They claimed that in future fees would rise, particularly in the most successful universities, so that access to the most sought-after places would depend as much on money as ability; and that the downgrading of the principle of free tuition would see a move towards greater involvement of private finance in higher education, with a business-sponsored private university sector emerging.

The 1999 anti-fees protests proved to be foresighted, as tuition fess were raised across the board and increased massively. The 1999 occupations foreshadowed the much larger student agitation of 2010-111, which saw hundreds of occupations and massive demos which led to fighting with the police, the takeover of the Tory HQ at Millbank, a run-in with prince Charles…

A few days after the Goldsmiths occupation ended, another college occupation started, at Camberwell College of Art (a couple of miles away), in protest at lack of tutors, equipment, space, grants and hours of access, college management used various methods to harass them, including bogus fire alarms, threats to prosecute, turning off heating & hot water. 8 students involved were later taken to court by the College authorities.

Goldsmiths was also occupied several times in 2009-2010 during the mass student agitation against tuition fees… in 2013 and 2015

and more recently, in 2019 there was the Goldsmiths Anti Racist occupation

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An entry in the 2015 London Rebel History Calendar

Check out the 2015 London Rebel History Calendar online

 

 

Today in London workers’ history, 1972: Briant printing works occupied to prevent closure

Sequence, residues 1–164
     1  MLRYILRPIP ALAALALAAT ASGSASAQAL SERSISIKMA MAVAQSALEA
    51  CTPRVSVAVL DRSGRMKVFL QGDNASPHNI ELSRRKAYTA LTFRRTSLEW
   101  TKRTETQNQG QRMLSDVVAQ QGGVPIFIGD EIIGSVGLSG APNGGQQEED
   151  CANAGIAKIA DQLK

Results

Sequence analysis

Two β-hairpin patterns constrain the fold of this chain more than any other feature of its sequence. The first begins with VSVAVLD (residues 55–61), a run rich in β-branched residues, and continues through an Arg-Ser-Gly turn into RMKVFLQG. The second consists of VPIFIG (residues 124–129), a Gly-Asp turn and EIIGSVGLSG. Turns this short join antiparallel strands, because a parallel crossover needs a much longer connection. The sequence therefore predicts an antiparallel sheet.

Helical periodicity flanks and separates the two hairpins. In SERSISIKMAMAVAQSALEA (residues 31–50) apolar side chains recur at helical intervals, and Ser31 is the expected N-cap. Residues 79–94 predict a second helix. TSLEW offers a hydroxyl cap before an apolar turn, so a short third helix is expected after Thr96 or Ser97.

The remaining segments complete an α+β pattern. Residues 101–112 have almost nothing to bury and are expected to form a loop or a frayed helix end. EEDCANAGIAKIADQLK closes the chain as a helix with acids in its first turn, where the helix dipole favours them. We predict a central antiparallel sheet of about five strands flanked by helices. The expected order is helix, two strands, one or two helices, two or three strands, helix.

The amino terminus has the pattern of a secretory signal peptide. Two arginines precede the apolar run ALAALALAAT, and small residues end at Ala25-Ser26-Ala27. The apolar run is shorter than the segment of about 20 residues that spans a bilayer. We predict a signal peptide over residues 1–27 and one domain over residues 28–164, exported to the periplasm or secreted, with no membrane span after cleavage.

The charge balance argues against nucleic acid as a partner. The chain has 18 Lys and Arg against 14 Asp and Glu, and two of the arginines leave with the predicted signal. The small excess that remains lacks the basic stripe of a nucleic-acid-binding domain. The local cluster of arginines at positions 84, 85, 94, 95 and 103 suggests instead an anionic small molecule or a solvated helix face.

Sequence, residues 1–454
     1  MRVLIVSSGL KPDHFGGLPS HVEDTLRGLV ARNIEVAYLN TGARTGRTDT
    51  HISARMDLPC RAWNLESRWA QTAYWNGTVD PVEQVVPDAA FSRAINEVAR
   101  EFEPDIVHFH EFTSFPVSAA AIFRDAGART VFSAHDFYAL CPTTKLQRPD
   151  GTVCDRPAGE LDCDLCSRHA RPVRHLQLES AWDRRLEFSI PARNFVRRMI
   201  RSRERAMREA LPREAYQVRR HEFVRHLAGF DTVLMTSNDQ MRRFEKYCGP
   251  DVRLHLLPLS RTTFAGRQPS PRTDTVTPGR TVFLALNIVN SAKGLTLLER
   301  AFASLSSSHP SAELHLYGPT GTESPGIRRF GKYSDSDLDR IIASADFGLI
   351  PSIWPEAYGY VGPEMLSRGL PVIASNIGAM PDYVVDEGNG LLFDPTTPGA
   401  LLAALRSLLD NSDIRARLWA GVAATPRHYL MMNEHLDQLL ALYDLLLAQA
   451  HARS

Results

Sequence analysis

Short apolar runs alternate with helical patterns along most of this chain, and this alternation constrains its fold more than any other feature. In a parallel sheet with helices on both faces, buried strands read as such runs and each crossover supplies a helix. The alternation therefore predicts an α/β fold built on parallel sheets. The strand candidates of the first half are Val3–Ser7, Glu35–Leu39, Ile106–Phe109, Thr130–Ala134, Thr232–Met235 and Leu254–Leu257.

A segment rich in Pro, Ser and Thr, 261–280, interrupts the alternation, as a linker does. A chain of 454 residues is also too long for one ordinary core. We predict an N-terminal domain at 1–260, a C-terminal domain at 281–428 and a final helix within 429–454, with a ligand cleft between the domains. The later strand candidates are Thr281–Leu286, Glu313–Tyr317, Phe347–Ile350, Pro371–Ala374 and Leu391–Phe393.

Who needs bosses? Workers could take over running things themselves tomorrow without even a hiccup…

The firm of Briant Colour Printing was established in the 19th century, owned by the Kitson  family. In 1968 the firm moved to a brand new custom built factory at 651-87 Old Kent Road, (close to the junction of modern Hyndman Street).

Briant’s Workforce was unionised and highly organised: they had fought for, and won, some of the best pay and conditions going, including getting Mayday off as a paid holiday in the late 1960s. Apparently the workers staged a 24 hour occupation in April 1971 to prevent the management sacking 60 staff, resulting in management postponing redundancies. They also had a long tradition of supporting other workers in struggle… including striking against the Industrial Relations Bill in 1971, and supporting striking miners and dockers in 1972.

Owner Timothy Kitson was a tory MP in 1970s, Parliamentary Private Secretary to Prime Minster Ted Heath). The hardcore autonomy of the Bryant workers was not just irritating to the firm’s management, it was personally embarrassing for him… Shame.